Writer's Note: This story is part of our Spirit of 45 feature, but it is such a nice story we wanted to post it here for all to enjoy. We invite you all to visit our http://www.Spiritof45nevada.org site and see what this program is about as well as learn about all of the events we will be producing over the coming months.
It was 1940, and George Callahan had just graduated from high school in Somerville Mass. The news was full of a war in Europe and to a young man, it may have sounded adventurous, perhaps that was why George Callahan joined the army signal core. I doubt that George ever thought at 19 his destiny was a military career such as he had.
In 1943 he was sent to the South Pacific, to Peleliu to be specific. Thousands of US troops were training to invade Japan George told us. In retrospect, many of them thought that if they were actually sent on that mission, few would return alive. We asked George if he remembered if he or his friends were afraid of odds like that and instantly, this incredible man, so small in stature said, we didn’t think of fear, we would do what needed to be done. The good news was however, his unit never did go to Japan, the war ended before they ever left that region.
After returning home with the hundreds of thousands of other troops, George Callahan was more certain than ever that civilian life was not for him. He re-enlisted almost as soon as mustered out at the end of WWII determined to have a military career. George asked to be stationed in Germany because his uncle had been there and he was fascinated by the region. It was in Germany that his life was about to take another dramatic turn.
Set up by a friend on a blind date, he was introduced to a lovely, petite girl named Trudy who, like George owned a Dalmatian dog. What more could he ask, she was beautiful, a dog lover, and even the same breed of dog… It didn't take long for the two to fall in love, but there were some obstacles to overcome.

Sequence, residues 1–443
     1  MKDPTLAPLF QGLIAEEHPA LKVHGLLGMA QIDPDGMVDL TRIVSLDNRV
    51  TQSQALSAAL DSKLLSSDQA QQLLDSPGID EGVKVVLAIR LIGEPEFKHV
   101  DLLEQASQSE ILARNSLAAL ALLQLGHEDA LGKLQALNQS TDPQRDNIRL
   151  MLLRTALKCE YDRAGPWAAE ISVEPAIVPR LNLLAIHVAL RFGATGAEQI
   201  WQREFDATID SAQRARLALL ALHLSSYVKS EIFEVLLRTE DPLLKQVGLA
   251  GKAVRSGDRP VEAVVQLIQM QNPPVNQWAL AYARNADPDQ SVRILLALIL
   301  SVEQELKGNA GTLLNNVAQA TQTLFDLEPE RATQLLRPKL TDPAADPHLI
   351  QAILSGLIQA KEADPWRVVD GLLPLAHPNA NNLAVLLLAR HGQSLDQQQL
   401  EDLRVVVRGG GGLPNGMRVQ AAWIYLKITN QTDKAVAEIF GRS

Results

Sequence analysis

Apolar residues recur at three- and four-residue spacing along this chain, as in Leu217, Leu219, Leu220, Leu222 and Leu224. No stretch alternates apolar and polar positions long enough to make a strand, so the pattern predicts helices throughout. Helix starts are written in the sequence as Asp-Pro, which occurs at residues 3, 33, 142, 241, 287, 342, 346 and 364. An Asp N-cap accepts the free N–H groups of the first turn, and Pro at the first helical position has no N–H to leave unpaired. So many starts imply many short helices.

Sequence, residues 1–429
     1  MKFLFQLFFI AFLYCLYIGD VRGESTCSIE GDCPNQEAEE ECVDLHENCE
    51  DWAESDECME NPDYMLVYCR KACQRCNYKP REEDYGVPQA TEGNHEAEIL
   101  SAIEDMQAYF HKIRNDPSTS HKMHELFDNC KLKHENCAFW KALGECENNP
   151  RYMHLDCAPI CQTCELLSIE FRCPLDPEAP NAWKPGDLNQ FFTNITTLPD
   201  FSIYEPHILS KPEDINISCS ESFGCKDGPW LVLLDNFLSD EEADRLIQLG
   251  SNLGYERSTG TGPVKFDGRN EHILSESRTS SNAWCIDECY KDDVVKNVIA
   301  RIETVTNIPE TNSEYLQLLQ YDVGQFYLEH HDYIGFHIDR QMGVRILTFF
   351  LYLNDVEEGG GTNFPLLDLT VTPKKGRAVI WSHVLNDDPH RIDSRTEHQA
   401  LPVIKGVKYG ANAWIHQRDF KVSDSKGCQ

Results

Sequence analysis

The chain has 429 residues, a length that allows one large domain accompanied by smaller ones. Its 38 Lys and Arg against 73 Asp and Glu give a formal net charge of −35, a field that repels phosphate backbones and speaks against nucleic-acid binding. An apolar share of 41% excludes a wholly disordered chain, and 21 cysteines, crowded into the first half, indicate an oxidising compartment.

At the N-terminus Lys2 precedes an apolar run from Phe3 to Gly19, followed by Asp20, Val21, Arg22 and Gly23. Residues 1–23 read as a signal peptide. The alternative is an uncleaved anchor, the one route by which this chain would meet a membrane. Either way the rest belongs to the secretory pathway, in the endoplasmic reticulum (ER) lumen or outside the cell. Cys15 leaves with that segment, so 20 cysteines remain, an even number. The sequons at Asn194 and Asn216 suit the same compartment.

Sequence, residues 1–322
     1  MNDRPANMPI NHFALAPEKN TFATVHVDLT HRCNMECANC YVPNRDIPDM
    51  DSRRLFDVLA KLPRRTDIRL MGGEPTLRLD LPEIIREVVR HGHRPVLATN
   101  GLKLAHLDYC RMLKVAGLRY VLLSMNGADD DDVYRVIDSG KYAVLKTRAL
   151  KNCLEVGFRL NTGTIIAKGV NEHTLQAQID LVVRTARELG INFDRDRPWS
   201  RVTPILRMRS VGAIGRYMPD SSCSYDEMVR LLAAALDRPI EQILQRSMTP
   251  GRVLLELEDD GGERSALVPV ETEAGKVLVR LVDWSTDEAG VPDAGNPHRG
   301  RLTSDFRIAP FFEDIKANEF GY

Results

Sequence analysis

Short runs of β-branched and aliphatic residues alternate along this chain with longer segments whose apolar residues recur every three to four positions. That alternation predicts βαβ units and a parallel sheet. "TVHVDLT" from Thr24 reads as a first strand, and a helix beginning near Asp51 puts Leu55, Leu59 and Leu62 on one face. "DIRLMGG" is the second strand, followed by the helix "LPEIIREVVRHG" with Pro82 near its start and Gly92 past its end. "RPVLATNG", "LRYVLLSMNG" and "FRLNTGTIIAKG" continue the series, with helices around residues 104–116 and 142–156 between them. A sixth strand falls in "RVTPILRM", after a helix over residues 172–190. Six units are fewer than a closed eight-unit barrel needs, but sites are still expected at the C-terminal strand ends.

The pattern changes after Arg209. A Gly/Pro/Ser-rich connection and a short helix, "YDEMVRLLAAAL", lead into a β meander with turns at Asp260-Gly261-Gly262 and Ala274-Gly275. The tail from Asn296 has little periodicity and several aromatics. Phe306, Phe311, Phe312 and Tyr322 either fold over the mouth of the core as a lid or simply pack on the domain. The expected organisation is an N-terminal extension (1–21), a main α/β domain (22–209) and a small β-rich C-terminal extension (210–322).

Trudy’s sister who felt since she was five years senior to Trudy, she was more wise to the ways of the world. She was sure that an American who was already a Master Sergeant at 27 must surly have a wife at home. George wrote to his mother and told her all about Trudy begging her to please write and set her straight, there was no wife, no fiancé, he was really available.
With that out of the way, all George and Trudy needed was for the law to be on their side and as luck would have it, it soon was. There had recently been a change in the law allowing American servicemen to marry German women, if he wanted to, and Trudy said yes, George could have his “war bride”.
George soon took an American magazine to Trudy and proposed, showing her photographs of wedding and engagement rings and asked her to choose what she liked. The answer was YES and the ring chosen, next the page was dispatched to George's mother in the US and in no time at all Trudy's future mother-in-law had purchased the ring.
Now it seemed a bigger problem was at hand, how to get the rings to George and Trudy. It seems that mailing diamonds to Germany was not allowed at the time, even though the war was long over. But never fear when a determined woman sets her mind to something.
George's mom must have loved James Cagney movies because she decided to bake a fruit cake and inserted the rings right in the middle. She then put a note in the box warning George to be careful how he cut the cake.
On August 26 George and Trudy were married in city hall and then on August 28th the American army chaplain repeated the ceremony.
In 1950 George was sent to Korea to fight in the Korean conflict and did not return home until 1956 after which he was sent to Italy to Fort Darby where their daughter Kathy was born. George and Trudy were able to get special permission to have Kathy baptized in the church at Pisa.
Now before I tell you about the next stop in George Callahan’s military career, I must give you a more visual picture of this man. George was, at the time 127 lbs, and stands 5’7” tall. I know, I know, they say never mess with a Green Beret, but still he was a little guy and not one with, as “they say” a “Napoleonic complex. He is a soft spoken gentleman if there ever was one.
The Next stop was Fort Bennings Georgia where at 43 years of age George decided that being a paratrooper seemed like the thing to do...... So, that is what he did, back to training and went off to Viet Nam with the 1st Cavalry Division sent there as a Green Beret.
Vegas Voice salutes you George Callahan, you are what the Spirit of 45 is all about!